MDC manifesto will change Zim for the better: Tsvangirai

HARARE - Prime Minister Morgan Tsvangirai has launched his party’s election manifesto, which he says is a plan to change Zimbabwe for the better.

He said the optimistic plan would bring a “new kind of government” with less State and more “people power”.

Pledges include pursuing a social market economy prioritising the use of resources for growing the economy, increasing the national gross domestic product (GDP), promoting free enterprise while providing social safety nets to ensure that economic growth is shared by all.

It means committing to a democratic developmental State that respects market forces but also ensures that economic growth is shared by all citizens, what Tsvangirai calls “a socially-just economy.”

President Robert Mugabe’s Zanu PF has dismissed the policy conference saying it was “style over substance” and claimed some of the policies were plagiarised from the government work programme, an assertion vehemently rejected by the MDC.

In other election developments,  Zanu PF has also launched its manifesto and tackles productivity on the land, indigenisation and empowerment, health, education and youth empowerment.

In a speech launching the MDC manifesto at Jubilee Christian Centre in Milton Park in Harare, Tsvangirai said it was the biggest call to arms this country has seen in a generation.

No government could solve all problems on its own and he wanted “everyone to get involved”, adding government should be the partner of the big society, not its boss.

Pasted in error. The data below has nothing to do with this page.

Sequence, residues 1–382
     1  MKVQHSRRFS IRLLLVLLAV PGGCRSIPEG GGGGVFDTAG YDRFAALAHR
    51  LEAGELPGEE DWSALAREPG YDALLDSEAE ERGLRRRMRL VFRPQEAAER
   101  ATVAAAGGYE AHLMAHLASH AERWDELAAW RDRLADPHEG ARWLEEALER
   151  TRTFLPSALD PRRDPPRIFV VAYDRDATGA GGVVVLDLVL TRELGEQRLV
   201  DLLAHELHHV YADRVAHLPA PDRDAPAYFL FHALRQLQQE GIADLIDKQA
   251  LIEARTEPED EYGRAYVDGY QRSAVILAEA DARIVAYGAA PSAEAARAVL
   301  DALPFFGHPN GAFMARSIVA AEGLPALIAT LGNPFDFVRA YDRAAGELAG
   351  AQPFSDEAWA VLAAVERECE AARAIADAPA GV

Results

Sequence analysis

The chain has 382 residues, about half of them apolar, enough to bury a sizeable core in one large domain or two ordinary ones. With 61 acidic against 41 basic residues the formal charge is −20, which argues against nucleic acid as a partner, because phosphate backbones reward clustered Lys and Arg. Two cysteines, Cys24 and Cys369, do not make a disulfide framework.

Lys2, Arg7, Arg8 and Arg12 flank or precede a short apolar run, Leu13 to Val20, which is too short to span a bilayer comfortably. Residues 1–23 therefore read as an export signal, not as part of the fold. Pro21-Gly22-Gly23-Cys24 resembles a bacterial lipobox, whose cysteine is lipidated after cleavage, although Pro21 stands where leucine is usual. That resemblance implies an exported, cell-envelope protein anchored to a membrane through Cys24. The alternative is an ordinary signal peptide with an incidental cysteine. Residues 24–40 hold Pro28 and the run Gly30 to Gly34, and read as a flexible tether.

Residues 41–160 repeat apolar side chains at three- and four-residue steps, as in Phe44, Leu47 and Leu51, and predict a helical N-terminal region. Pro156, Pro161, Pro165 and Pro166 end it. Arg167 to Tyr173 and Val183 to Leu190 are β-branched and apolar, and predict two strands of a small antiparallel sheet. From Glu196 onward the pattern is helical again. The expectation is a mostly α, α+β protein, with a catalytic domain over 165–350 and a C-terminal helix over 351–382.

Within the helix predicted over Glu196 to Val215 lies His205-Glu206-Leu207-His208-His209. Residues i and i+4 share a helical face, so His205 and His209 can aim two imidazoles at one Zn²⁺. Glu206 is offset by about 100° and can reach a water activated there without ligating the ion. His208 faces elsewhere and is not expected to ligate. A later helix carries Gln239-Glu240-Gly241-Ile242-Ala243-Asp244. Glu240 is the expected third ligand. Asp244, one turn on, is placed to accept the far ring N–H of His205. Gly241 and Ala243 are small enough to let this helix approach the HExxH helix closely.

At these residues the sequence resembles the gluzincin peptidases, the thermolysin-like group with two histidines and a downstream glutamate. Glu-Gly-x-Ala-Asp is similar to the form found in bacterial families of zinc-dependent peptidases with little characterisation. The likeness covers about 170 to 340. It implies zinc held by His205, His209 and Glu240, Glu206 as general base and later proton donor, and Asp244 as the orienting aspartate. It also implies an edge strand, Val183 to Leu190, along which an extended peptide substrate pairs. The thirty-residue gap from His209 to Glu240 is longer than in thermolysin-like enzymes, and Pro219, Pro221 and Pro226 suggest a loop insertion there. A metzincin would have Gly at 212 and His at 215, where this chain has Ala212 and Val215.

There is a distinct difference in philosophy between the MDC and Zanu PF, with the pro-democracy party saying it will “secure property rights while ensuring fair, just and transparent regulation which is prospective, certain and predictable”, while Zanu PF was pledging that a drive to transfer ownership in foreign firms from foreigners into the hands of local blacks was the only game in town.

The 60-year-old trade unionist-cum-politician offers a sharp contrast with Mugabe, who is 89- years-old and has had treatment throughout much of his current term.

Critics fear Tsvangirai will roll back social programmes like the empowerment programme initiated by Mugabe, a move he confirmed.

Polls suggest the race may be tight.

If the results are close, many fear a period of instability.

Tsvangirai believes it is a close race, as evidenced by his recent speeches in which he spoke directly to the international business community, assuring them and other institutions that things will be OK if he wins.

“Under an MDC government, the State will be a facilitator of economic activity to enable innovation and business to flourish,” Tsvangirai said.

“When business flourishes, the market for jobs expands. There will be more variety and choice for job-seekers. There will be competition among employers which will ensure that those who offer the best terms and conditions get the best labour and consequently in a scenario where there is a ‘‘Race to the Top’’ rather than a ‘‘Race to the Bottom’’, employees stand to benefit.

Together with our jobs blueprint, JUICE, which we re-launch today, the economic policy aims to increase jobs through facilitating investment.”

Tsvangirai seem to be taking Zimbabwe back to the “centre ground” of politics, away from the “narrow focus” it had in the past.